This little guy wasn’t having any of it. I stood there along the side of the road, leaned forward, raised my camera, and snapped his picture. While the camera was still against my face I heard the scissor flaps of this tiny chickadees wings and saw a shadow rush toward me – first through the viewfinder.
I dropped the camera, letting is hang from my neck, and looked up in time to see him circle back and land on a tiny twig of a branch of this bush tree.
I reach for the camera again and with a whirr he flies by, just inches from my face.
There were seven birds in the tree, but only one with enough attitude to puff out his chest and gun for my face with his best “Come at Me Bro!” look of determination is his usually nervous eyes.
My presence scared him. The camera to my face, my slow motions, it was all enough to put this guy on edge. Against his better reason, he decided not sit furtively on the tree and hope I’d move along. He flew into action. He decided to protect what was his. Even if he didn’t know how I’d react.
I’ve been that bird. Well, I like to think I’ve been that bird. Feeling really small against something big, you find the courage somewhere to do something big and bold and hope that it’s enough. In our best moments we choose to act, no matter the odds, because inaction is a certain loss.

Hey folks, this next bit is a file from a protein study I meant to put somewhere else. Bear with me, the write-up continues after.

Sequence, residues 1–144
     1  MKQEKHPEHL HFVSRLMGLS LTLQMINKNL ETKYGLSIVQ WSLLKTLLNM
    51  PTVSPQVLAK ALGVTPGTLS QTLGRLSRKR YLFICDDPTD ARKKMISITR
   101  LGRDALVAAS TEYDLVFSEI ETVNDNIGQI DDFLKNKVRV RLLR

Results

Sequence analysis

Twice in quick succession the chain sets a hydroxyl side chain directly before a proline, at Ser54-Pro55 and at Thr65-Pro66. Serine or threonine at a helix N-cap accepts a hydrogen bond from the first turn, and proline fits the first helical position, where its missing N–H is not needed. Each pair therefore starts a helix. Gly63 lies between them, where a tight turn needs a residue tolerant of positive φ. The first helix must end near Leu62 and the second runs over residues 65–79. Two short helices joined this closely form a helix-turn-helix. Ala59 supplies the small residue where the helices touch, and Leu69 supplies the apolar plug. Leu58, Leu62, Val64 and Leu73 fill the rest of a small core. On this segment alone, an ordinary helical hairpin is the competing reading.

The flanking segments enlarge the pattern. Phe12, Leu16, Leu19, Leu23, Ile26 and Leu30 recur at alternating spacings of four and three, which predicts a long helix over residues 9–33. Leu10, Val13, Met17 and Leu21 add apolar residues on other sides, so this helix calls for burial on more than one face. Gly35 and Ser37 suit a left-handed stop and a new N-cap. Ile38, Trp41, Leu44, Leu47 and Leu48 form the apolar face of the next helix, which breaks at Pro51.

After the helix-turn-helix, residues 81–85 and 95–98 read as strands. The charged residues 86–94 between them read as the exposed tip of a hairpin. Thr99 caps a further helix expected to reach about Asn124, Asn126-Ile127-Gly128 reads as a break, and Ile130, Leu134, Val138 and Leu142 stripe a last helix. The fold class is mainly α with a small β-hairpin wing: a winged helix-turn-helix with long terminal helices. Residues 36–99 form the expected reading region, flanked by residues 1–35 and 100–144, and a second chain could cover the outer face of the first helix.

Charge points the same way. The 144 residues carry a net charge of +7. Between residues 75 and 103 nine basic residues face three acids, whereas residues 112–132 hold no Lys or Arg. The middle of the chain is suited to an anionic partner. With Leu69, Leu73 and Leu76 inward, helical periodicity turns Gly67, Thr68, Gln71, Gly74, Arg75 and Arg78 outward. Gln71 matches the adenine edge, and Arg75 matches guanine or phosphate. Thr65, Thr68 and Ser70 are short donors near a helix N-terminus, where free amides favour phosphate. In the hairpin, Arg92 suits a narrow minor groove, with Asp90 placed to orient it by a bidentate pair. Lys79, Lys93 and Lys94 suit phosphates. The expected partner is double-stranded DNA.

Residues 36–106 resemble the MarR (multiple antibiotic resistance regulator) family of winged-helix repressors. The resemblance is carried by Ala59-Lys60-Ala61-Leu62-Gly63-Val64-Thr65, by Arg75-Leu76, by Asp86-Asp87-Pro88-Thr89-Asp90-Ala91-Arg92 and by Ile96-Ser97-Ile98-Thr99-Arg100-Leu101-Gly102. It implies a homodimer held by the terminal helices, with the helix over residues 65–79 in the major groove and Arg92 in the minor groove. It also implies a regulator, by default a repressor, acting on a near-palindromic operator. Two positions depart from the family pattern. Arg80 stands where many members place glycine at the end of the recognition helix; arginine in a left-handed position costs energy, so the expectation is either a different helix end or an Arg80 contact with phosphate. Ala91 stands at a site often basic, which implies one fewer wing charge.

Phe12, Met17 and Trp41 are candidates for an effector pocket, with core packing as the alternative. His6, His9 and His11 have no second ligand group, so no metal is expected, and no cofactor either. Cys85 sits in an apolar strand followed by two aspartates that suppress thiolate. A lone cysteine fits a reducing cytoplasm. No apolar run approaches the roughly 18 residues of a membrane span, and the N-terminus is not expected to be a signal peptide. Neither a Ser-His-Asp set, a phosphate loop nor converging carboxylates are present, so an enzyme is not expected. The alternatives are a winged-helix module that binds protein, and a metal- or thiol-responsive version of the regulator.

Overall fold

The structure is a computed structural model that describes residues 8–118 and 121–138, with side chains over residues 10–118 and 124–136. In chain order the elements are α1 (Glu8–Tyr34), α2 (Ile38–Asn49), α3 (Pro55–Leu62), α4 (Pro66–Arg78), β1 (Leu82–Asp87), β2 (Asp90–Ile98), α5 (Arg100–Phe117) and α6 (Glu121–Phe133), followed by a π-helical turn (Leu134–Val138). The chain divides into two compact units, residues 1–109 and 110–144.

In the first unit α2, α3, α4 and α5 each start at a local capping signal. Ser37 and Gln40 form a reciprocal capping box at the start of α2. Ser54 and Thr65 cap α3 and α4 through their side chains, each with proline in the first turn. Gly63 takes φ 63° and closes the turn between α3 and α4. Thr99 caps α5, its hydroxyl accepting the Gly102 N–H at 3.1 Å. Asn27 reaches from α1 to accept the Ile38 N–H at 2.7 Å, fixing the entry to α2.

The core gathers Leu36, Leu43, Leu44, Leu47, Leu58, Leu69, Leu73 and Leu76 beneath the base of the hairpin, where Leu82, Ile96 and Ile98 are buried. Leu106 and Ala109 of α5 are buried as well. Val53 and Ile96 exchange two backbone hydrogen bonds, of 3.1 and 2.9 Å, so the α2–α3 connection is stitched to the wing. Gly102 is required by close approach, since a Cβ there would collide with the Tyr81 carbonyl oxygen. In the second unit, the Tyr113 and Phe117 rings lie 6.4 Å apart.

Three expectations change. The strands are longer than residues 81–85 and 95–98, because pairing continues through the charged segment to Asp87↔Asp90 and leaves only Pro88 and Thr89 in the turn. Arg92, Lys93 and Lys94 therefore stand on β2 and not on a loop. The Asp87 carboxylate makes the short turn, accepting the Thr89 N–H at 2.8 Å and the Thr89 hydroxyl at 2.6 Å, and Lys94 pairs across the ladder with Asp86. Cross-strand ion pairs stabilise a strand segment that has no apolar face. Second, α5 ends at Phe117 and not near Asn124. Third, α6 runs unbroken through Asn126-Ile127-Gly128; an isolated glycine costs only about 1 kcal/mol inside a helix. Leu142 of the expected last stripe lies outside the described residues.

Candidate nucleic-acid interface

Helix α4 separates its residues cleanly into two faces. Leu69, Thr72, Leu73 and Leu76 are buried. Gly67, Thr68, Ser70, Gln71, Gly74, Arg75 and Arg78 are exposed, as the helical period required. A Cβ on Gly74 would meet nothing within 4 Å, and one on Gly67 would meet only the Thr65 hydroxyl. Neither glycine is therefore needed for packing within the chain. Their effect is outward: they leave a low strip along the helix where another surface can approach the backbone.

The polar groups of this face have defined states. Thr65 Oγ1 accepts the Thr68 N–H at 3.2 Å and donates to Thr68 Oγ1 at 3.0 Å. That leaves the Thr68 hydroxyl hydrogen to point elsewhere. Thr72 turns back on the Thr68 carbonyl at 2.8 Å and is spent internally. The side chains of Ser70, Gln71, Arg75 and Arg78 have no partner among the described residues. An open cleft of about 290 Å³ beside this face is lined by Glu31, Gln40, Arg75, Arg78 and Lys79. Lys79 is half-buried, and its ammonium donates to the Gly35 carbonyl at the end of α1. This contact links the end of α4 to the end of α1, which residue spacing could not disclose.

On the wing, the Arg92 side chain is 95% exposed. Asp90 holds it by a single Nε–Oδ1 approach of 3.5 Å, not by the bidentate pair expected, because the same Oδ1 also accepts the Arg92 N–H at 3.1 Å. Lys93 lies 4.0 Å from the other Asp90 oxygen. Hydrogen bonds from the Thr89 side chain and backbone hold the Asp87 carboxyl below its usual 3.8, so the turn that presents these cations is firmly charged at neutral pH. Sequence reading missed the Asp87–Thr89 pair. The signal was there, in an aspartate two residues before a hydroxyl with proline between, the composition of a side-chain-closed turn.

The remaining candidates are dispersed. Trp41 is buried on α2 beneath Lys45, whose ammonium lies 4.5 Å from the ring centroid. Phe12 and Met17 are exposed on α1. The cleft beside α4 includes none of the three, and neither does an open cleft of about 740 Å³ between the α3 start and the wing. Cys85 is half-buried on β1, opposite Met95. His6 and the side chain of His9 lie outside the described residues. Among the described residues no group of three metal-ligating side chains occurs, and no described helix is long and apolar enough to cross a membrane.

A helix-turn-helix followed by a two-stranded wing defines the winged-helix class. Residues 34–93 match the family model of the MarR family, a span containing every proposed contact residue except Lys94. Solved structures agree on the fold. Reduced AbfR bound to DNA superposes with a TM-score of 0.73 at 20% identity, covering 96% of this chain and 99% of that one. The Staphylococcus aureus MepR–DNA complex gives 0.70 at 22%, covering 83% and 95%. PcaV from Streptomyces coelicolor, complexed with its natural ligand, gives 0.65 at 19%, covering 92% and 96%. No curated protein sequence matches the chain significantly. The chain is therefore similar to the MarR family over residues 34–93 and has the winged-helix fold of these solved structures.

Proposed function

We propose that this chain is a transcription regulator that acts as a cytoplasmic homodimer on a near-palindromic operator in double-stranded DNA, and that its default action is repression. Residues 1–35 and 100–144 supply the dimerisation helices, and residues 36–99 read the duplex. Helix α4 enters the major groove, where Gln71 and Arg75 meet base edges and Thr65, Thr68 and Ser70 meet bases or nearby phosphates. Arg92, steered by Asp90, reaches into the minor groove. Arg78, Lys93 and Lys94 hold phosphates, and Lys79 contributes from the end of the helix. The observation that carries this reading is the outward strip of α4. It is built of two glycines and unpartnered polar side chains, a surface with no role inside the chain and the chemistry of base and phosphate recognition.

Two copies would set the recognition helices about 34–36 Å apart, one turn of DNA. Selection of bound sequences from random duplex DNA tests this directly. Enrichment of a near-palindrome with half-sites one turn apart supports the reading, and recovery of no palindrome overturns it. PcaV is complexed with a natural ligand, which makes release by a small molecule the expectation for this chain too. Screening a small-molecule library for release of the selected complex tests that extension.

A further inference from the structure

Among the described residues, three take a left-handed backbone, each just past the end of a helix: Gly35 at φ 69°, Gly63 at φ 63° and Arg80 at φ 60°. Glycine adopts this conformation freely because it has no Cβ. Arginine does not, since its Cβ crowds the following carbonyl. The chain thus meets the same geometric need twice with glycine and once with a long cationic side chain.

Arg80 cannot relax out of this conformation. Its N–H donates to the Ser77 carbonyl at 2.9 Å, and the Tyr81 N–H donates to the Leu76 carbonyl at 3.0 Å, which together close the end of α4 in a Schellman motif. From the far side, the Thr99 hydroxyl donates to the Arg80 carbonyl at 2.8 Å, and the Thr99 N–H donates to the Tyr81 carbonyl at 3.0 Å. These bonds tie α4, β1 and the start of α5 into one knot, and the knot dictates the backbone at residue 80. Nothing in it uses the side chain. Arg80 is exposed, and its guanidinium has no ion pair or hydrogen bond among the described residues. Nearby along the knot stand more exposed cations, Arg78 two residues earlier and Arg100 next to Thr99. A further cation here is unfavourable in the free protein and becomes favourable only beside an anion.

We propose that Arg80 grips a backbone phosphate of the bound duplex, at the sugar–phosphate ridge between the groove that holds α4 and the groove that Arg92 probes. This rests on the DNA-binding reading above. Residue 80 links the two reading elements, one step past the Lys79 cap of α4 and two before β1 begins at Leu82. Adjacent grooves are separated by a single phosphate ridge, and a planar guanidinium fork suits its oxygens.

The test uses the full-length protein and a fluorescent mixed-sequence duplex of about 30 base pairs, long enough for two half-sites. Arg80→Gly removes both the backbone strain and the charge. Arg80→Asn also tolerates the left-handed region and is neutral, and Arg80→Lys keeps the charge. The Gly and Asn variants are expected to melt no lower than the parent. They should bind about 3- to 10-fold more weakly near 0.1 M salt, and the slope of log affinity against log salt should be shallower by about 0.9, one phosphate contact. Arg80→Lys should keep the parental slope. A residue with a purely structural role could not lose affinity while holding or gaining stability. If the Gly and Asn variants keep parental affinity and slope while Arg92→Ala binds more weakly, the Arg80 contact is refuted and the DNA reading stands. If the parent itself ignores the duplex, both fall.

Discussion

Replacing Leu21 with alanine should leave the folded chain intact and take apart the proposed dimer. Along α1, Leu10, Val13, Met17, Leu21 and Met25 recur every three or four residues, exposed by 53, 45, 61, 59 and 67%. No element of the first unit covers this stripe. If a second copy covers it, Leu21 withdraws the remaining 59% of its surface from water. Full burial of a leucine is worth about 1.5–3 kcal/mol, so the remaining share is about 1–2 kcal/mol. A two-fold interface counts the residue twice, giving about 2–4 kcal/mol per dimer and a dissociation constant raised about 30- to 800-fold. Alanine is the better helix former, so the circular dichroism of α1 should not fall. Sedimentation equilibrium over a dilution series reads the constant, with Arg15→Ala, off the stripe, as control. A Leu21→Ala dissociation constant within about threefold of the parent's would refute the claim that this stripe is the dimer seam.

I’ve been working with a counsellor for a bit now. It’s been three years since I changed my whole life, and in a lot of ways, I’m just a toddler to this new way of living. Honesty. Accountability. Trust. Love. Self Respect. I don’t have a long history with a lot of the things that now seem incredibly important to me and that’s been overwhelming. I’ve lived with a new fear of building up a life of my own, but on a foundation that’s too weak to hold it. After two amazing years I began to fear losing the second chance I’d been given.
I still remember how it felt to be 460 pounds, isolated, alone, and hopeless. I remember it because those feelings still show up. They’re not with me every minute the way they used to be. Now they just show up, a black cloud ready to shade me through a moment of doubt. When I skip a workout, I remember . When I make a bad meal choice, I remember. When I stare at the clock at two in the morning, filled with fear and doubt, and feeling just as isolated as I did three years ago, I remember. When I find myself alone in my head, I can’t help but remember.
And then I catch my breath and remember that a lot of my bad choices were made in those dark corners, and success is accepting those feelings and fears and then still making better choices. My food issues hid in those dark corners, and they still do. My insecurities hid in those dark corners and still do.
It makes you question every reaction you have to things happening in your life, as your emotional reaction is filtered through your past and all of your experiences, but then you’re outward reaction is a strategic choice toward growth and development. It balances out the highs and the lows, but a chunk of the thrill of life is riding those highs and lows. The world becomes kind of grey and safe when you’re always trying to do what’s responsible. My fear is that predictable pattern of that life will drive me to find highs and lows – either in the ways I used to, or in entirely new self-destructive ways.
So you stop, you breathe, and you throw yourself at survival.
It’s the only way a chickadee decides to attack a guy as big as me.
We aren’t what we think. We’re what we do.